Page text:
BERNHOFT; Islander (Kikitepe)


Bernhoft is a Norwegian blue-eyed soulster and ‘Islander’ is his third full album. He cites his influences as Stevie Wonder, Sly Stone, Carole King and Swedish pop and even a cursory listen to ‘Islander’ bears that out. The 9 tracker (we can’t really count the two short “skits”) is a mix of well-crafted songs (à la Carole King), soulful vocals (in the manner of Mr W.), funky experimentation (as Sly was wont to do) and an element of quirkiness (the Swedish pop influence, I guess).

The album opens with a pacey ‘Come Around With Me’ which is built from most of the elements just listed above. Mr B wades in with a convincing soul falsetto and the tune’s retro qualities were enough to win it a place on Radio 2’s playlist. The flavour’s different on ‘Wind You Up’ on which Bernhoft shows off his vocal beat boxing skills while the best funk offering is ‘Everything Will Be Alright’. This one is right out of the Sly Stone stable though the set’s other stab at the funk, the oddly titled ‘Esiwalk’, is an unfocused ramble – more akin to Prince than Sly.

Elsewhere ‘One Way Track’ is a pretty pop offering and ‘I Believe In All The Things You Don’t’ is a passable electro-tinged ballad… neither that remarkable though.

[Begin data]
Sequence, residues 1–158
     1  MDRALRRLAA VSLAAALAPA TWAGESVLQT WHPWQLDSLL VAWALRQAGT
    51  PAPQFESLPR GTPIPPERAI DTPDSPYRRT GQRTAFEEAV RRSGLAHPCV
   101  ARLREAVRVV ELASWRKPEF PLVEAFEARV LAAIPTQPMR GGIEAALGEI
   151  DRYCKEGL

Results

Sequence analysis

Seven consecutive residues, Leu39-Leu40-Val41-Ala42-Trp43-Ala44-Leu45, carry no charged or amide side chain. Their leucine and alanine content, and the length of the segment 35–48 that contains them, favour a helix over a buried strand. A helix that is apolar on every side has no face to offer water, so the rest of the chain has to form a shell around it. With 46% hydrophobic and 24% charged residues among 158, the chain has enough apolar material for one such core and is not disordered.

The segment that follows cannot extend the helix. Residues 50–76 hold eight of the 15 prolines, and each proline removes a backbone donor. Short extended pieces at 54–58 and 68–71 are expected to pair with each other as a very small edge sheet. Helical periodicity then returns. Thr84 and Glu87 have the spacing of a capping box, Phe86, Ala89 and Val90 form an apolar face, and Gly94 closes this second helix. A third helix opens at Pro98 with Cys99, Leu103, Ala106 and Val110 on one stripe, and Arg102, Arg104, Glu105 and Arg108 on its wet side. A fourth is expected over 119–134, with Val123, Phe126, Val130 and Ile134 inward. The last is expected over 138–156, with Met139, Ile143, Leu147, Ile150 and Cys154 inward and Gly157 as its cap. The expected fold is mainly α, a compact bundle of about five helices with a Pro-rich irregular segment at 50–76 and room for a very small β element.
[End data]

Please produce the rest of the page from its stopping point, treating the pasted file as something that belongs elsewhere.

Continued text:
However, nestling on ‘Islander’ are two quite remarkable soul outings that come recommended. First up there’s the smouldering ballad, ‘Don’t Let Me Go’. It’s sparse and plaintive and the vocal is pained and soulful .. sombre in the extreme.

More uplifting is the album’s other big tune – a fab little thing called ‘No Us, No Them’. This is a chugging, pulsing beater in the fashion of Hi. It’s driven along by subtle Hammond shadings from David Wallumrod and the tune boasts a great melody. The cherry on it all though is the contribution from a certain Jill Scott. Bernhoft’s a long time fan of the Grammy winning soulstress and actor and persuaded her to join him on the song. He flew out to LA to record the song with her – so it’s not one of those duets by proxy. And, you know , that physical proximity is obvious…. ‘No Us, No Them’ is a great soul cut by any standards.

Mr Bernhoft has just been wowing the hordes at Glastonbury. He’s back in the UK in the Autumn, by which time his name might be more well-known… you can learn more for yourself @

(BB) 3/5